By Michael Eilers
Arizona Daily Wildcat
Children's literature has enjoyed a renaissance during the past few years, with a resurgence in finely illustrated, well-crafted children's books. The new exhibit "Dreamweavers" at the University of Arizona Museum of Art highlights some of the top creators of modern children's and fantasy illustration, and reveals the enormous amount of skill, patience, and craft that goes into each page, covering as many types of media as it does subjects.
Ranging from luminous oil paintings to stark compositions of cut paper, the works depict fantastic, mythological, and fairy-tale worlds and characters in a way that is both enchanting and utterly convincing. Whether illustrated with fearsome levels of detail and color, or with the gentle wash of watercolors, the works reflect the personal style, technique, and whimsy of the illustrator. Some of the works in the show are taken directly from children's books or commercial publications, but many were done for the sake of exploring this art.
One of the hallmarks of children's illustrations is an intense level of detail, whether it be depicted in the scales of a dragon or the structure of a treehouse. Blending skill and imagination, these artists manage to capture other-worldly and mythical scenes with a nearly photographic focus.
Ruth Sanderson's Renaissance-inspired oil paintings have a luminous, fragile quality that exemplifies children's illustration Ä mesmerizing detail that makes fairy-tale scenes fascinating and instantly believable, with vibrant color and detail.
Watercolor is the traditional medium of children's books, which is why the works in this medium seem more conventional than the oils. "Mirandy and the Brother Wind II," a watercolor by Jerry Pinkey, has a rough, impressionistic feel that gives it both movement and brightness to attract a child's eye. It is also one of the few paintings in the show that leaves blank space on the canvas to allow room for the text of the story.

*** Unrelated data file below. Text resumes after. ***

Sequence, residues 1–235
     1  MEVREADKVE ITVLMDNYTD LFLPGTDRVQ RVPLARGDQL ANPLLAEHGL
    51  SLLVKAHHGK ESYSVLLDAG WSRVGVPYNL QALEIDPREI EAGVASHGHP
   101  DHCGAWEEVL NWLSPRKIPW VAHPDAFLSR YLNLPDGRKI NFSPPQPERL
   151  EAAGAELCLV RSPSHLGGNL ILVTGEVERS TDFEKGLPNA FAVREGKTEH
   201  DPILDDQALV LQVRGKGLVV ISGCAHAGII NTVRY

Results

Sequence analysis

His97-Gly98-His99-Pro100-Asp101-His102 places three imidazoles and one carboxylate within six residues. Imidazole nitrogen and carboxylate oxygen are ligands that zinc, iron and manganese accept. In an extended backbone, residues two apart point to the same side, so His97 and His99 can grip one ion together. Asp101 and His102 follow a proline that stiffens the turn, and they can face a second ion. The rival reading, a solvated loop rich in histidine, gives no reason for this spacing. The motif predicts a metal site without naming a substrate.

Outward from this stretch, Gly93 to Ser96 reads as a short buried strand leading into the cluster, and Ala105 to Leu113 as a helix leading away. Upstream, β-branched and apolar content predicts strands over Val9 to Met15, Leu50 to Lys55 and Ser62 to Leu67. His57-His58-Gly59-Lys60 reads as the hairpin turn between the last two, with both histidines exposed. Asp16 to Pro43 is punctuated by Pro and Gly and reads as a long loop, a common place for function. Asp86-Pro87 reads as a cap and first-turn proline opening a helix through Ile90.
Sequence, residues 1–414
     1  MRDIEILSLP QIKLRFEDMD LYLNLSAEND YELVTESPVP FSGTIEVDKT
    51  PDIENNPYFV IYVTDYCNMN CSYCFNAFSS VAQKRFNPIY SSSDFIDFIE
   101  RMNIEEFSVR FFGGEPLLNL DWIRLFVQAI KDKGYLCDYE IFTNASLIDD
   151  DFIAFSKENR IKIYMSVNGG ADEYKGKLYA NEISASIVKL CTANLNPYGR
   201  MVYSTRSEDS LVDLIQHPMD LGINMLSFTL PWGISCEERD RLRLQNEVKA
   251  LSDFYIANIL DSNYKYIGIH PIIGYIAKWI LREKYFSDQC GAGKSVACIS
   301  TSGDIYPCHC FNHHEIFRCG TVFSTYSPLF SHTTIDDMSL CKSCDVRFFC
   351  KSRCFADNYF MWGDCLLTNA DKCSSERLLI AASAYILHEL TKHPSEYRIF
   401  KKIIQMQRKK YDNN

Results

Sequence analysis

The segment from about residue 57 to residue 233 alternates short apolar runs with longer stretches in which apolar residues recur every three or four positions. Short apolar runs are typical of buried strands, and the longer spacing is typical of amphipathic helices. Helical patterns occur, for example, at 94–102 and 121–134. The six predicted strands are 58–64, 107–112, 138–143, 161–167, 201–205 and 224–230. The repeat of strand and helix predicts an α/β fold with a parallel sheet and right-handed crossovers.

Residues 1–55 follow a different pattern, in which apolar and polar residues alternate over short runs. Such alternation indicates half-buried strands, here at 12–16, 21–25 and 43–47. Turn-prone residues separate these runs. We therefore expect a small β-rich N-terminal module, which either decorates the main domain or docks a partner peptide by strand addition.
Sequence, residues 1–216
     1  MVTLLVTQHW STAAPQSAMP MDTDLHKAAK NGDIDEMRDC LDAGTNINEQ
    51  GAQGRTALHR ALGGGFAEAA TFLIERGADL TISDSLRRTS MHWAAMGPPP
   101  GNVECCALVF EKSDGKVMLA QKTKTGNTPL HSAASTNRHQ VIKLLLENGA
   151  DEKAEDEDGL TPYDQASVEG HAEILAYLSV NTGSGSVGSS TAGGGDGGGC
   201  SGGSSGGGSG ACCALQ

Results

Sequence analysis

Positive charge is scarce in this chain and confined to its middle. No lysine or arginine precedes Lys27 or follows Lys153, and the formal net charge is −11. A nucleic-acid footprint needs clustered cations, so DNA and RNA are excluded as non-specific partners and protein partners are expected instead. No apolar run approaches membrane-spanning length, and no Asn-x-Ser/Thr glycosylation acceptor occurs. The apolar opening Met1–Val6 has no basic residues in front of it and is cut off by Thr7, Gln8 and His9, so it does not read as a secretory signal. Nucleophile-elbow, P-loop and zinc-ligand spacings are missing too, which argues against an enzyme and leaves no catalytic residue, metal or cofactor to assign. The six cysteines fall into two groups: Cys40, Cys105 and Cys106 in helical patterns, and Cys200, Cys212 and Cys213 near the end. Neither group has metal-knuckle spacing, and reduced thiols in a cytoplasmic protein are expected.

In a category by themselves are the works of David Christiana, UA illustration professor, and the cut paper illustrations by David Wisniewski. Christiana's "Man in Armor" leans towards a surrealistic style, in which the man's armor becomes a huge encumbrance of metal plates and scraps. Hidden in the shadows are images of animal skulls, teeth, and vague machinery, adding an ominous tone to the paintings.
It is very interesting to see these illustrations out of context, without the stories that accompanied many of them in books. While some of the works, such as David Pinkey's watercolors, look like deliberate storybook illustrations, other pieces stand alone and tell entire stories with their detail and color.
The large oil paintings benefit greatly by appearing in their original size and form, which reveals their incredible detail and depth. The result is a show that challenges the traditional attitude that illustrators are "lesser" artists, and that fantasy isn't a fit subject for art, by showcasing the skills and imagination of these artists.
"Dreamweavers" is showing in the first floor gallery of the UA Museum of Art through March 12. Call 621-7567 for details.
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